All you need to do is comment below the name of the school you wish to nominate and why you think they deserve one of the kits, comprising of gloves, spades, wheelbarrow and much more to get the school’s garden into full bloom. The kits are worth £160, but having the tools to get outside could be worth SO much more to the kids of the school you nominate.

Leave your comment by Sunday 9th of June and we could have the kit sent to the winning school before the summer holiday begin.

(Winner will be chosen by me, prizes will be provided by Satellite PR and sent straight to the winning school, no monetary alternative will be offered, all decisions are final)

College Homework: 8 Essential Study Habits for Parents

If you are a parent and attending college, you are likely to have problems organizing your time. It becomes even more difficult when you are working at the same time. The thought of juggling between work, studies, and parenting is overwhelming in itself. Therefore, you have to find the right tricks that will help to survive under such conditions. Here are some tips for you to get your college homework done.

IMAGE: Parents Attend College Too

  1. Create time for everything

Although it may seem like there is not enough time to perform all your duties, you will be surprised to find out that you can create it. Proper planning ensures that everything is done at the right time. When you do this, you will even have time to spend with your children and family.

  1. Invest in the right study apps

The use of applications in education is one of the best things that ever happened to students. As a parent who still has to work and study, you need applications that will help you to organize your functions. They should also make it easy for you to access your notes and communicate with your tutors.

  1. Look for online courses

Since you will be spending most of your time at home taking care of the children, an online course could come in handy. You will notice that it allows you more flexibility compared to traditional classrooms. You can feed the kids, put them to bed, and proceed to take a few lessons.

  1. Technology will be your savior

In this age, you cannot overlook the importance of technology when it comes to education, especially when you are a parent and a student at the same time. Find the latest trends in technology and see how they can help to ease the pressure on your shoulders.

  1. Invest in high-quality educational gadgets

What are some of the gadgets that you use for your college education? If you want to enjoy the best experiences, you have to invest in high quality calculators, laptops, document readers, printers, and all the tools that you may need,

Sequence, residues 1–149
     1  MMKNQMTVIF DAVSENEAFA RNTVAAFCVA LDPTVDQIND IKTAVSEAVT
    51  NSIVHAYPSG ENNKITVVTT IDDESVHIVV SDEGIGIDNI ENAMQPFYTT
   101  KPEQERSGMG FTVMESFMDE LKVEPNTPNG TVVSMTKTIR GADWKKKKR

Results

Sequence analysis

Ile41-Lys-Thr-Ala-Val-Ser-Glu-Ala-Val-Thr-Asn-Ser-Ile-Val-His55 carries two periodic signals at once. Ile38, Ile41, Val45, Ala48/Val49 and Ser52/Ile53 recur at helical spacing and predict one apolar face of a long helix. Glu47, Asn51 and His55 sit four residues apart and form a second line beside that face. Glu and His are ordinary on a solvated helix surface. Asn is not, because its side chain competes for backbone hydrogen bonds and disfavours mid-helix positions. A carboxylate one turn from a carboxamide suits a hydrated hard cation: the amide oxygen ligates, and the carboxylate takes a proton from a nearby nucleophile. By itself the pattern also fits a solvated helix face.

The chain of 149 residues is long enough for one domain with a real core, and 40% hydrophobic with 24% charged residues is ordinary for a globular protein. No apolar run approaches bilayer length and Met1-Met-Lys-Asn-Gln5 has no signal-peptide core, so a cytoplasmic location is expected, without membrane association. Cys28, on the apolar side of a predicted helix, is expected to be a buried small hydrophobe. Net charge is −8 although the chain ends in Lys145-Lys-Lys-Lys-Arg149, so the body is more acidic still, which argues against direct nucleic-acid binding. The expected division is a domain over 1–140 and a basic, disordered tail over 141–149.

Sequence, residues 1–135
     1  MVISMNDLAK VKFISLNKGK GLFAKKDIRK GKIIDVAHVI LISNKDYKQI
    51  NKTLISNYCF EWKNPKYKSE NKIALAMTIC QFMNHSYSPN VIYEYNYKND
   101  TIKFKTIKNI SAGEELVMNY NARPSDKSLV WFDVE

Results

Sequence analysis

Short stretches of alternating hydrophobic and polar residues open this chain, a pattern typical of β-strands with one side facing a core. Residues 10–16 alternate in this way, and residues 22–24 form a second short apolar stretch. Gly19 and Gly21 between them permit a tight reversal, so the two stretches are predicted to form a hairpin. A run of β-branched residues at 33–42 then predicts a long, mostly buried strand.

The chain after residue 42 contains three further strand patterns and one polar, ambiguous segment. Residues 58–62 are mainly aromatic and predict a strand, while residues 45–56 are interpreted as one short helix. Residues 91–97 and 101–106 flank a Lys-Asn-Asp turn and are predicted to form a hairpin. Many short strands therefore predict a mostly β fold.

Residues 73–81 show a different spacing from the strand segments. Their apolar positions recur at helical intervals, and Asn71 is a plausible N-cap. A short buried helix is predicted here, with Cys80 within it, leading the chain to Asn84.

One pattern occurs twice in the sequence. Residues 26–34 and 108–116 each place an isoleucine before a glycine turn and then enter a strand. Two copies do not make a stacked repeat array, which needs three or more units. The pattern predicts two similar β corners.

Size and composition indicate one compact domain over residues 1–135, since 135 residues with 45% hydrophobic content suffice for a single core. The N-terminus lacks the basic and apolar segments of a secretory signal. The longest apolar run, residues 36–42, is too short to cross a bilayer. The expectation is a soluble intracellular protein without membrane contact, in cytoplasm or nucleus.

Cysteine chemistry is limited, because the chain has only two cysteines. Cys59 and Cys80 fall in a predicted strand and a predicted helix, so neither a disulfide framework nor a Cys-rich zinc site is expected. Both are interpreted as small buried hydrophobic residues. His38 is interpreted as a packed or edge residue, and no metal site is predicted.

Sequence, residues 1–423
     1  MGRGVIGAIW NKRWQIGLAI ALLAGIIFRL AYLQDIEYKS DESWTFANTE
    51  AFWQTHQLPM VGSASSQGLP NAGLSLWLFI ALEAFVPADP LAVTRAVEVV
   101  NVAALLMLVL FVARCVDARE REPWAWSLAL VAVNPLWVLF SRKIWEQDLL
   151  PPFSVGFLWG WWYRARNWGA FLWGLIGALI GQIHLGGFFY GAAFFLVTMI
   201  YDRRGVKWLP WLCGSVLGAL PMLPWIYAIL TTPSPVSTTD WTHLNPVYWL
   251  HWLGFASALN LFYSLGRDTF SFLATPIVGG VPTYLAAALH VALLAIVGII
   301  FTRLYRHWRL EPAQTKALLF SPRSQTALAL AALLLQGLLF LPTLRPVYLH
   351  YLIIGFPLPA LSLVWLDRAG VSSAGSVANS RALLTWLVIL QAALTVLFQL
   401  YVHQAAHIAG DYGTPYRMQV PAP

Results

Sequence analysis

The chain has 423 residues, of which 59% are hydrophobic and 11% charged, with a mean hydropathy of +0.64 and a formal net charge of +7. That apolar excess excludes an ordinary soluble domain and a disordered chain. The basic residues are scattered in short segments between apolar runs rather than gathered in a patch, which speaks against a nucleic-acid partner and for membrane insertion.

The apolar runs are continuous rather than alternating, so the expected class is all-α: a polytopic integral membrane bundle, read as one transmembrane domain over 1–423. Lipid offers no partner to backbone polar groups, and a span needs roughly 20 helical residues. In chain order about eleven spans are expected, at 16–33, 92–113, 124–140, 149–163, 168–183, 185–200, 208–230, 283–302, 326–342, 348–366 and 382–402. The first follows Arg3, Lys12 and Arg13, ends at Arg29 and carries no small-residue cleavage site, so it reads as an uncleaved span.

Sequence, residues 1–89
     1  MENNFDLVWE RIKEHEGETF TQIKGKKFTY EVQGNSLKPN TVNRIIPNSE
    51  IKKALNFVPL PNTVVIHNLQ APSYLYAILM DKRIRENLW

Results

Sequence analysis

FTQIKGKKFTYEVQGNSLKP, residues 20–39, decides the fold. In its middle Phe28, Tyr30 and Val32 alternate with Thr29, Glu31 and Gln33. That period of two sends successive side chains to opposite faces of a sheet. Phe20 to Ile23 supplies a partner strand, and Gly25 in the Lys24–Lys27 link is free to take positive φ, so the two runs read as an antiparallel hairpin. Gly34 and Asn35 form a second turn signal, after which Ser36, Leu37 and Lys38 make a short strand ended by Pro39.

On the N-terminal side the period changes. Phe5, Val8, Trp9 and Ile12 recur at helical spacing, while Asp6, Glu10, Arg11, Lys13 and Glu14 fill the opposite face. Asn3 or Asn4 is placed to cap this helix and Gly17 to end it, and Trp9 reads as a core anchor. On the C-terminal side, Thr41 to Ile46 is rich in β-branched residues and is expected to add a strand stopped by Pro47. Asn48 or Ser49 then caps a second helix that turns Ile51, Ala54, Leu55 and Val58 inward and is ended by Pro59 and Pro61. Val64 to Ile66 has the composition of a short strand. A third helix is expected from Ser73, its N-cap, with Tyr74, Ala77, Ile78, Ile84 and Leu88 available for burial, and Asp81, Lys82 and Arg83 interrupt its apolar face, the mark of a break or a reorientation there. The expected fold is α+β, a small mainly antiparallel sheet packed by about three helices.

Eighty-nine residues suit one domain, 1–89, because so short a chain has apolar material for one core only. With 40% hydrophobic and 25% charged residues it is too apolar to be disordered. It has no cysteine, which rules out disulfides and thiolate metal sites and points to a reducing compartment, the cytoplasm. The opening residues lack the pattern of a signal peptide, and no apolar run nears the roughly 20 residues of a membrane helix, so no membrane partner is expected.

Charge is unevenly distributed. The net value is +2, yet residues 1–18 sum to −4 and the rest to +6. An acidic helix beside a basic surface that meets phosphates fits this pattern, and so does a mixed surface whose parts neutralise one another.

1. Find online forums for parents in similar situations

There are many parents who are juggling between many tasks the same way you do. Find them through online forums and find out how they cope with it.

  1. Rest is important too

It is good to focus on your studies and give them your all so that you may succeed. However, do not deprive yourself of rest because a lack of it will only lead to unfortunate situations.

  1. Find someone to help with your homework and essays

Since you have too many other things to do besides education, you may want to find experts to help you with your assignments and essays. You can find such experts online, and they will save you a lot of time and energy.

In a nutshell, the fact that you are a parent should not make you abandon your dream of getting a college education. By suing some of these tips and getting help , there is no doubt that you will complete the course.

Why You Should Teach Your Children a Foreign Language at Home

While English has become one of the most spoken languages around the world, learning a foreign language opens many doors. It is extremely beneficial to teach children a foreign language from a young age to assure that they can have a future in which they can travel around the world and communicate with people from different nationalities and backgrounds. With a foreign language one can form cross-cultural friendships, have a boosted cross-cultural understanding but also benefit from broader career opportunities and exciting travel adventures. Teaching a child a foreign language no longer means sending them off to language classes but it can also be easily taught at home through reading and interactive games and videos.